For topical use only. Apply a small amount of herbal salve to the affected area, massaging gently. Repeat as necessary, 2-3 times throughout the day. Because of the comfrey, limit application to 4-6 weeks and consult your healthcare provider before use if you are pregnant or nursing. Discontinue use if irritation occurs.
This recipe makes approximately 6 ounces. Just right to fill a few small containers for around the home, or for sharing with friends!
- 2 ounces avocado oil
- 0.375 ounce beeswax
- 3 ounces herbal infused organic olive oil
- 0.25 ounce (1-1/2 teaspoons) vitamin E oil
- 15 drops tea tree essential oil (Melaleuca alternifolia)
- 15 drops lavender essential oil (Lavandula angustifolia)
- Combine the avocado oil and beeswax, melting them together. Use the double boiler method or the microwave. Be careful not to overheat your oils! You just want the wax to melt.
- Once the beeswax is completely melted, add the herbal infused organic olive oil. By adding the herbal infused oil at this stage it will not be exposed to as much heat. It also brings down the temperature of the mixture before the next step so the heat doesn’t vaporize the essential oils.
- Allow the mixture to cool a little, but not so much that it is no longer fluid. Below 160F is good for most essential oils.
- Add the essential oils and stir to distribute.
- Pour the mixture into clean containers and leave undisturbed until balm is cool and set. Do not cover yet or condensation can form.
- Once completely cooled, cover your herbal balm and label your container carefully.
Don’t want to DIY?
Maybe you don’t have the spare time on your hands to make your own, we have a limited supply of our Herbal Salve available to our readers via our Etsy shop. Head on over and see what we have in stock! Here’s a little coupon code to get you 10% off your purchase of $35 or more: YAY2016! And did I mention free shipping? Purchasing from our little apothecary shop is one way to support this blog and keep these recipes coming… thank you!
I would love to hear from you!
I’ve tried to make these directions pretty straightforward, but please do reach out if there is anything I can clarify. What questions do you have about using the safe use of herbs? Do you have a favorite herb you like for its skin benefits?
If you found this post interesting and helpful, please share it!
|These statements have not been evaluated by the FDA. This product is not intended to diagnose, treat, cure, or prevent any disease.|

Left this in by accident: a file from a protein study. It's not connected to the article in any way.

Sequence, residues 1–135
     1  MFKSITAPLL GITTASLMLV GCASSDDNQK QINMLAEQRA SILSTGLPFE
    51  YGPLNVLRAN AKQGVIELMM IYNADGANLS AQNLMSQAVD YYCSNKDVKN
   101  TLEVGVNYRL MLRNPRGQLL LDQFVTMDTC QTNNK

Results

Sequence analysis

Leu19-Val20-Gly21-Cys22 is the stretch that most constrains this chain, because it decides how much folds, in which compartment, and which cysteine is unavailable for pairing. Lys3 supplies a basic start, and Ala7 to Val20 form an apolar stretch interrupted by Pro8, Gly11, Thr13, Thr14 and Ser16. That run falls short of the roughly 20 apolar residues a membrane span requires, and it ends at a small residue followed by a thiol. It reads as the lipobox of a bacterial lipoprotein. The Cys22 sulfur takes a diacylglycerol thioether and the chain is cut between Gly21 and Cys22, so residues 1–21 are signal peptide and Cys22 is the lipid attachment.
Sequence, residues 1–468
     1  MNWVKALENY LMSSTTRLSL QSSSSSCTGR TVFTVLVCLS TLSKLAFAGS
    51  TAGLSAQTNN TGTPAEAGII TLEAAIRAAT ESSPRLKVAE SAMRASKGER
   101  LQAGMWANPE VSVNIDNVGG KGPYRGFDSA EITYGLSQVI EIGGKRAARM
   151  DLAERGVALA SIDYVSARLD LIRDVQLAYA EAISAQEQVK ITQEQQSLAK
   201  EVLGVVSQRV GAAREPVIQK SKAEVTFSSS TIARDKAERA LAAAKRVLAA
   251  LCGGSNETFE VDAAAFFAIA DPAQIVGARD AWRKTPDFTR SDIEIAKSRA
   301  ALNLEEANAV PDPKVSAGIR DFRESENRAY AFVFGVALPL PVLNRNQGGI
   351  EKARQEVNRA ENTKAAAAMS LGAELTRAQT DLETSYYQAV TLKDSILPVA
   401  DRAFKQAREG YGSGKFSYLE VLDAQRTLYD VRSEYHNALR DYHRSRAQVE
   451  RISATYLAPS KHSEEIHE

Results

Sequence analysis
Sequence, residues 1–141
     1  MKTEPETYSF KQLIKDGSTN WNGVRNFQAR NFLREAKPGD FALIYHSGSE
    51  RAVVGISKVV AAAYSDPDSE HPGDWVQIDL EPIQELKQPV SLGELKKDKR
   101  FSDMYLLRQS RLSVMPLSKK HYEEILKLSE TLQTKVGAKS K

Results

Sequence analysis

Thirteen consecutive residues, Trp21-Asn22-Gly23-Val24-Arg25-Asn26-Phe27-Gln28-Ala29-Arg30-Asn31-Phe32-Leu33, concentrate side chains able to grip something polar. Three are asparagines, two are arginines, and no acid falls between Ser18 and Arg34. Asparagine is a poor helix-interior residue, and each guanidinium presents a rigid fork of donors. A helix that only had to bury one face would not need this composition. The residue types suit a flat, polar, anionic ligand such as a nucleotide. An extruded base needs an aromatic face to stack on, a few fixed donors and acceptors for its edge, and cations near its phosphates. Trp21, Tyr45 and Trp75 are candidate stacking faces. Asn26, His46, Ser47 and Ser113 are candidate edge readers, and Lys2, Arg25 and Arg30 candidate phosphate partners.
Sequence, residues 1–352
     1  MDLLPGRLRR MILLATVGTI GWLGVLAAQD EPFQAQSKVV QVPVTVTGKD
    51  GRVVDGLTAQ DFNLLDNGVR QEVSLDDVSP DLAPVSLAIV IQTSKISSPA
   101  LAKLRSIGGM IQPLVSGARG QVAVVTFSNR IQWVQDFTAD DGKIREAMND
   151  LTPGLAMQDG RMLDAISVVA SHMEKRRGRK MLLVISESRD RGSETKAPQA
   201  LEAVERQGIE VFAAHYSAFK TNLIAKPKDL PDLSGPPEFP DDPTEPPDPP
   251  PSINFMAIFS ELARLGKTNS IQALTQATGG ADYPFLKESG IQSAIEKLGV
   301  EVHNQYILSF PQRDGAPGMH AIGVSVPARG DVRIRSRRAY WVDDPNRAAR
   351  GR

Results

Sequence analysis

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de Oliveira, A. P., de Souza Franco, E., Barreto, R. R., Cordeiro, D. P., Melo, R. G., Medeiros, P. L., … Maia, M. B. de S. (2013). Effect of Semisolid formulation of Persea Americana mill (avocado) oil on wound healing. Evidence Based Complementary and Alternative Medicine, 2013, . Retrieved from https://www.ncbi.nlm.nih.gov/pmc/articles/PMC3614059/
Gladstar, R. (2012). Rosemary Gladstar’s medicinal herbs: A beginner’s guide: 33 healing herbs to know, grow, and use. United States: Storey Publishing.
Green, J. (2000). The herbal medicine-makers’ handbook: A home manual. United States: Crossing Press,U.S.
Moore, M. (1993). Medicinal plants of the pacific west (1st ed. ed.). Santa Fe: Museum of New Mexico Press.
Petersen, D. (2016). HERB 101 Basics of Herbalism. Portland, OR: American College of Healthcare Sciences.
Pojar, J., & MacKinnon, A. (2004). Plants of the pacific northwest coast: Washington, Oregon, British Columbia & Alaska. Vancouver: Lone Pine Publishing USA.
Therapeutic Research Center. (2016a). St. John’s Wort Professional Monograph. Retrieved October 18, 2016, from Natural Medicines Database, https://naturalmedicines.therapeuticresearch.com/databases/food,-herbs-supplements/professional.aspx?productid=329
Therapeutic Research Center. (2016b). Avocado Professional Monograph. Retrieved October 18, 2016, from Natural Medicines Database, https://naturalmedicines.therapeuticresearch.com/databases/food,-herbs-supplements/professional.aspx?productid=890
Therapeutic Research Center. (2016c). Olive Professional Monograph. Retrieved October 18, 2016, from Natural Medicines Database, https://naturalmedicines.therapeuticresearch.com/databases/food,-herbs-supplements/professional.aspx?productid=233
Therapeutic Research Center. (2016d). Tea Tree Oil. Retrieved November 2, 2016, from Natural Medicines Database, https://naturalmedicines.therapeuticresearch.com/databases/food,-herbs-supplements/professional.aspx?productid=113
Viljoen, J. M., Cowley, A., du Preez, J., Gerber, M., & du Plessis, J. (2015). Penetration enhancing effects of selected natural oils utilized in topical dosage forms. Drug Development and Industrial Pharmacy, 41(12), 2045–2054. doi:10.3109/03639045.2015.1047847